Merge with Viral transformation?
Given that this article states the original meaning of the term "transfection" was transformation by virus, I'm suggesting a merge of these two articles. - tameeria (talk) 06:18, 10 December 2007 (UTC)
Against - transfection now means "the introduction of foreign material into eukaryotic cells." This can be done with or without a virus, and viruses can be used to transform prokaryotic cells as well, so I think Viral transformation should talk about viral transformation in all cells, but in a more specific manor, whilst transfection should be a more general article. There's sure to be overlap, but I'm sure there's a lot to be said about viral transformation. --PhiJ (talk) 17:30, 11 December 2007 (UTC)
- "transfection now means "the introduction of foreign material into eukaryotic cells." - That's true for animal cells, I'm guessing, but not necessarily all eukaryotes. I'm working on plants and the term used there is transformation. The article says "transformation" is used "occasionally" for plants, but I think "usually" would be more accurate. Viral transformation (which currently is merely an unreferenced stub) of eukaryotic cells is called transfection while viral transformation of prokaryotic cells is called transduction which has its own article already but is not even linked from the viral transformation stub. I think that stub either needs serious expansion, a merge/move, or being converted into a disambiguation page pointing to transfection and transduction. - tameeria (talk) 18:10, 11 December 2007 (UTC)
- I've checked on Google, Google Scholar, PubMed etc and it seems overall the term "transfection" is used rarely for non-animal systems, in the case of plants maybe in 1 out of 10 cases and in the case of yeast and algae in about 1 out of 100 cases. In almost every case I find for plants and fungi where "transfection" is used, it refers to a virus vector or sometimes Agrobacterium in plants. There are of course examples for other uses, but those are rare compared to "transformation" for the same method. It appears for insect cells it's about 50/50, but I haven't looked too closely into that. There are a lot of viral transformation protocols for insect cell cultures and I'm not sure how many of those account for "transfections" versus "transformations."
- On the other hand, most of the scholarly literature hits I find to viral transformation talk about oncogenesis and viruses being capable of causing cancer which is not clear from that stub at all. Looking at the edit history of that article, I'm guessing that was the meaning for which it was originally created. The sentence "Viral transformation is the transfection of DNA to a host cell." was tagged in front of it later. The article probably should be rewritten completely to make a clearer distinction between "viral transformation = transfection" and "viral transformation = virus-induced oncogenesis." - tameeria (talk) 14:33, 12 December 2007 (UTC)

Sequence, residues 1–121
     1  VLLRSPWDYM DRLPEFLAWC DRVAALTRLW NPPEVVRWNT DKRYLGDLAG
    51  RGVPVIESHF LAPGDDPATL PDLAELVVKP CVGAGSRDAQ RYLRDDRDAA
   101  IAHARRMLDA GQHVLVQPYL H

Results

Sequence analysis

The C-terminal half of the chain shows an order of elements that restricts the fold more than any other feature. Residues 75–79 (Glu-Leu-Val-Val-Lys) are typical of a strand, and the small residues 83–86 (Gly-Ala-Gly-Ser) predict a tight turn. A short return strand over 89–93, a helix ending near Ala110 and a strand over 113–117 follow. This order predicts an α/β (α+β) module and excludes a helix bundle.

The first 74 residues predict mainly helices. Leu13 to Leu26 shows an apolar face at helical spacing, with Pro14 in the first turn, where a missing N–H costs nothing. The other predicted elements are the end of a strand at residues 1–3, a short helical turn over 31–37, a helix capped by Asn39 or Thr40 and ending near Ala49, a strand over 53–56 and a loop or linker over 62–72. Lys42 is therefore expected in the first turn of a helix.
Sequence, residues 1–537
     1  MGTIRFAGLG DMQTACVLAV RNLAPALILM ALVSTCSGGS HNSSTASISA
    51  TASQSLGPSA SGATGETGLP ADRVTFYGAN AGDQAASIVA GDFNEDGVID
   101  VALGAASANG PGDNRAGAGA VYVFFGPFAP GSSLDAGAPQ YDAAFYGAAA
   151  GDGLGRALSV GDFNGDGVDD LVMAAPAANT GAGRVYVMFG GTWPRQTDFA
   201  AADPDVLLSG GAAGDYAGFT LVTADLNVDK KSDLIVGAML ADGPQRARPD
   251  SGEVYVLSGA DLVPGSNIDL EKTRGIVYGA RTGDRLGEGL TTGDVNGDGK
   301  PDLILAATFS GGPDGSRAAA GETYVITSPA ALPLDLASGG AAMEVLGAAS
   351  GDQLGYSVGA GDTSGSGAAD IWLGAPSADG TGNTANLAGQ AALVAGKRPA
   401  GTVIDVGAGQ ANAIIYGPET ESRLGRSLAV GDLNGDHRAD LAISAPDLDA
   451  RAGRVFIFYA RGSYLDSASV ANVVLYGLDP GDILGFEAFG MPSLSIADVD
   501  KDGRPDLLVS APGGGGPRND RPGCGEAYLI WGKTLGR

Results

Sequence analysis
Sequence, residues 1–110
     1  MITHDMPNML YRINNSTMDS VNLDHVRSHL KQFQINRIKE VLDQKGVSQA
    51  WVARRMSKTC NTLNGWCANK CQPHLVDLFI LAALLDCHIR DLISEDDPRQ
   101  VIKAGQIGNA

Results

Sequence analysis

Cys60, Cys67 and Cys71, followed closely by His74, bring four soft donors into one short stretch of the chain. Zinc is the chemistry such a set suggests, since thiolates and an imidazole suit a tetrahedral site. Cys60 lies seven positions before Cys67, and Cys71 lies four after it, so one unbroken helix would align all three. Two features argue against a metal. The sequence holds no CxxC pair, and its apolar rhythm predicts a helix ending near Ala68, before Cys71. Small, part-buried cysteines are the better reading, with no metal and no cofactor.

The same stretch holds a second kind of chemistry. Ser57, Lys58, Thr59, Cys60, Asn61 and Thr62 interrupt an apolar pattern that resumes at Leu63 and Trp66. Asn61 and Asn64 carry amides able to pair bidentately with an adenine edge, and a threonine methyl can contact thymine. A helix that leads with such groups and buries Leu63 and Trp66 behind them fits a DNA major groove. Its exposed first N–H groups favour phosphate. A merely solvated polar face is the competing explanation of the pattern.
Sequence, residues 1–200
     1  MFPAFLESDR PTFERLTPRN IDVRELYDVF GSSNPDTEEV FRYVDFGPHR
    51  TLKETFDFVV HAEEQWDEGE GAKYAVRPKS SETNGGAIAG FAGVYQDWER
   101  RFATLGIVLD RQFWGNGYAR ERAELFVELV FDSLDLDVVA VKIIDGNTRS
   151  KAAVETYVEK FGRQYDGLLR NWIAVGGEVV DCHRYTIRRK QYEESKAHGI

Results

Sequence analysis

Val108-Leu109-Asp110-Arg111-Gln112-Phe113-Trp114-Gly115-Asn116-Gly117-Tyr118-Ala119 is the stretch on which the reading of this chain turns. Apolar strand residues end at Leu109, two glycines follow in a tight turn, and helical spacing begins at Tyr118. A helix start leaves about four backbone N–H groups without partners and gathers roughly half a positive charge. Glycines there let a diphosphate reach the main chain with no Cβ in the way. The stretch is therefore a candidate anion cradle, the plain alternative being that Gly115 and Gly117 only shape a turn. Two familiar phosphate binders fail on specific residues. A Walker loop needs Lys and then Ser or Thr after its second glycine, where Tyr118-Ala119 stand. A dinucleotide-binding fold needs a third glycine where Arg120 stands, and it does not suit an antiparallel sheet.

- Addendum: There probably should be an article for transformation (cell biology) on Wikipedia to address the second meaning of that term. As it is, the article on transformation (genetics) does not even mention it, and the blurb on the dab page transformation doesn't do the topic justice at all. - tameeria (talk) 14:52, 12 December 2007 (UTC)
Mammalian cell transfection using calcium phosphate was discovered more than a decade earlier than the article claims. Please check the original work by Szybalski & Szybalski (1962). 188.8.131.52 (talk) 15:19, 14 January 2009 (UTC)
- This one? SZYBALSKA EH, SZYBALSKI W (December 1962). "Genetics of human cess line. IV. DNA-mediated heritable transformation of a biochemical trait". Proc. Natl. Acad. Sci. U.S.A. 48: 2026–34. PMC 221117. PMID 13980043. --Kkmurray (talk) 15:58, 14 January 2009 (UTC)
I have a problem with the mechanism of DNA delivery into the cells via cationic lipids. Is it really true that in this case DNA/nucleic acid is actually encaged into liposomes and enters cell when the liposomes fuse with the plasma membrane? Invitrogen website claims that even in this case the complexes enters via endocytosis...I would say endocytosis as well as fusion to plasma membrane.
Impalefection is listed twice in the list. I think it should be only in the particle-asisted list, since it uses the nanofibres. HlTo 05:56, 30 August 2011 (UTC) — Preceding unsigned comment added by 184.108.40.206 (talk)
Section:Stable and transient transfection
Changed "most applications of transfection" to "some" considering that all manufacturing/research stable clones originate from transfections. Added reference to episomal replication to clarify plasmid dilution. Could extend to discuss its effect on transfection efficiency if article expands into more detail.
The next paragraph may need some clarification: 1) Integration rates can be rather high 2) Not all selection agents are "toxins", as in the case of the GS-CHO cell line which can be selected simply by the absence of glutamine.
It would be nice to see the introduction expanded to describe the purpose of transfections. I have some decent public domain graphics showing steps in transient transfection protocol that would greatly help the casual/inexperienced reader. I'll add them to my page (soon) for review, feedback. Joe Jirka (talk) 02:11, 26 December 2012 (UTC)
Annie Wang.3643 (Fall 2014): This article could include a section on the uses and importance of transfection. Many scientists, especially those in the biopharmaceuticals industry use this method to see if cells will grow using DNA they subcloned in the lab. This method allows scientists to study and control gene expression, conduct mutational analyses, investigate the effects of gene expression on cell growth, etc. There isn't enough information on the usefulness of this method in science and medical world today. — Preceding unsigned comment added by Wang.3643 (talk • contribs) 19:52, 1 October 2014 (UTC)